After a successful inaugural year, ASSA ABLOY UK Specification looks ahead to 2016 and how it believes the construction industry will respond following a year of mixed fortunes…
Despite the dip in the latter part of 2015, latest forecasts from the Construction Products Association (CPA) predict that construction output is expected to rise by 19.7% between 2015 and 2019, with 2016 enjoying a 3.8% increase. As expected growth in private housing, commercial, mainly driven by new office developments and infrastructure will fuel this upward trend.
However, it’s not all doom and gloom for the public sector either, despite a government focus on austerity, both education and health are expected to see healthy increases by 2019, 22.3% and 12.8% respectively. This is in part thanks to capital raised by private projects under PF2, so whilst new builds are unlikely to be hit by austerity cuts, the industry should brace itself for falls in maintenance and refurbishment programmes.
Commenting on these latest figures from the CPA, David Wigglesworth, Managing Director for UK Specification, assesses how he believes 2016 is shaping up: “Whilst these latest forecasts clearly make for positive reading for those involved at the specification stage of the construction market, one must proceed with caution. There are still risks to the industry, some of which are known and on-going issues, such as skills shortage and the elimination of the public sector deficit, whilst others are less easy to account for such as the EU referendum and growth prospects of countries like China. That said we’ve had a positive end to 2015 and our project pipeline continues to grow with exciting prospects for 2016.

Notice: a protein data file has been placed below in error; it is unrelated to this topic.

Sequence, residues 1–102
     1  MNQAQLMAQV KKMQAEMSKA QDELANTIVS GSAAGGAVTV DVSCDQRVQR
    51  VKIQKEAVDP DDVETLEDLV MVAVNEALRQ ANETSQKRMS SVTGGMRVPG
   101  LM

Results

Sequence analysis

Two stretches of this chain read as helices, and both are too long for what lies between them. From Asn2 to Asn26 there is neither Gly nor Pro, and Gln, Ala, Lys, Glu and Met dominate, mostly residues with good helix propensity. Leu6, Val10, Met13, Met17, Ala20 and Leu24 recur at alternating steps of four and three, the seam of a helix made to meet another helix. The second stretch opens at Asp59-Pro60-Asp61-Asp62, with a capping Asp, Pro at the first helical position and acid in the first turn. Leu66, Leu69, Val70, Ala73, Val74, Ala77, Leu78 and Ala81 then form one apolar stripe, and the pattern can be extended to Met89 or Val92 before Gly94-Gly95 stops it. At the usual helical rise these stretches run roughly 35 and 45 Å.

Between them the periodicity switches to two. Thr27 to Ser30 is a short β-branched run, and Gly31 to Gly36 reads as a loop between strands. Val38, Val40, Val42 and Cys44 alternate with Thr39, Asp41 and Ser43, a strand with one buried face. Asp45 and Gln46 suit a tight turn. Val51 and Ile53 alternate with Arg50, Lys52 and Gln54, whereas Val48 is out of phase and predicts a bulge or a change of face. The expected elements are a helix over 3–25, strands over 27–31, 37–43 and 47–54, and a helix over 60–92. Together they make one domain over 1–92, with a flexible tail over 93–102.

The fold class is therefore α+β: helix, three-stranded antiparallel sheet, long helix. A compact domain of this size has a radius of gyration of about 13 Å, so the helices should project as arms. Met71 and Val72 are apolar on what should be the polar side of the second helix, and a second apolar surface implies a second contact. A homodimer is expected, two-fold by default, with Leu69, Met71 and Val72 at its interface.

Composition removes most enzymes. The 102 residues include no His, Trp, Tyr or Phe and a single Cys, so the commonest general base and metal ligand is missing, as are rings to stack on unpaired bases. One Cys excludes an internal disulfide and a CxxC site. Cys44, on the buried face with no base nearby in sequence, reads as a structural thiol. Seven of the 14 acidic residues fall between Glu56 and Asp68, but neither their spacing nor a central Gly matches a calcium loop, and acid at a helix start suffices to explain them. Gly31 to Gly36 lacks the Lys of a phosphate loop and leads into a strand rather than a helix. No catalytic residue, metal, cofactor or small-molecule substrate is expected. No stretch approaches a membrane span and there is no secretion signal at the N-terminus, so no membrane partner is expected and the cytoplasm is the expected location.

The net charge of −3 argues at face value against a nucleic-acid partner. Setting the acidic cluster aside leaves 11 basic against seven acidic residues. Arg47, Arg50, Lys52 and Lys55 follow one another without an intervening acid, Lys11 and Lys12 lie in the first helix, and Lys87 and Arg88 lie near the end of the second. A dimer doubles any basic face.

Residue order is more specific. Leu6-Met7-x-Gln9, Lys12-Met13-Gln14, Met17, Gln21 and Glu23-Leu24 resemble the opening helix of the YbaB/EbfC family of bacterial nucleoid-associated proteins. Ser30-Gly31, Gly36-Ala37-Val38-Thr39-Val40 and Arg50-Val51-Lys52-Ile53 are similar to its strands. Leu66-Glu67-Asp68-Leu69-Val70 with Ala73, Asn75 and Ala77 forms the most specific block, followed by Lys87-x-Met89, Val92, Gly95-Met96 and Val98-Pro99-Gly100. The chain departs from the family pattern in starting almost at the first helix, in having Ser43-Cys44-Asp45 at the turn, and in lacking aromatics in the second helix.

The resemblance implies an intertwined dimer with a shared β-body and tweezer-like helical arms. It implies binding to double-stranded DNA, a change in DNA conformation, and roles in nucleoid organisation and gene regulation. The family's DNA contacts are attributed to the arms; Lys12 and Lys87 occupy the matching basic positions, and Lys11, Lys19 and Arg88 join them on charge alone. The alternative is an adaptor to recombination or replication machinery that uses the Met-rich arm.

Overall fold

“Office developments are expected to continue to influence the growth in the commercial sector, which is one of the reasons we launched a door furniture range specifically designed with high-end office space in mind. 2015 has seen a lot of London-centric development whereas 2016 will see this extend to Birmingham and Manchester, which is positive news for the industry and will lead to further investment projects in and around these second cities.
“Another area expected to prosper in 2016 is education, as it benefits from both the fruition of PF2 investments and planned University spending, boosted further by the removal of caps on student fees. One trend that we’ve been able to capitalise on and which we expect to see continue in 2016 is specification across multiple schools. Increasingly we are specifying for education authorities or within framework arrangements that can see the development of multiple schools at one time. This demands supply chain certainty and a seamless relationship from design to as-built, as well as the supplying of data for a smooth handover.
“The private investment in both education and healthcare under the PFI schemes is positive for the industry and whilst there may be cuts to RMI in public sector facilities, the BIM level 2 deadline in 2016 will help to ensure that those projects which do go ahead aren’t ‘under specified’ delivering value for the end user. By 2016, all centrally procured government construction projects, no matter their size, must be delivered using BIM, and thanks to the investment ASSA ABLOY has put in over the past few years we are well placed to meet this requirement and assist specifiers and architects in providing the support they need.
“Thanks to our extensive experience and the support services we are able to offer architects working on a spectrum of healthcare projects, health remains a target area for UK Specification so I’m pleased to see there are some large PFI projects in the pipeline over the next few years, and the start of the first project under PF2, the £430 million Midland Metropolitan Hospital beginning in 2016. The scale of these projects invariable require involvement from a wide range of companies and resources, our simplified approach to specification, which includes BIM objects defined by application type, should help ease this process and ensure architects and design-led contractors are supported in their specification choices.”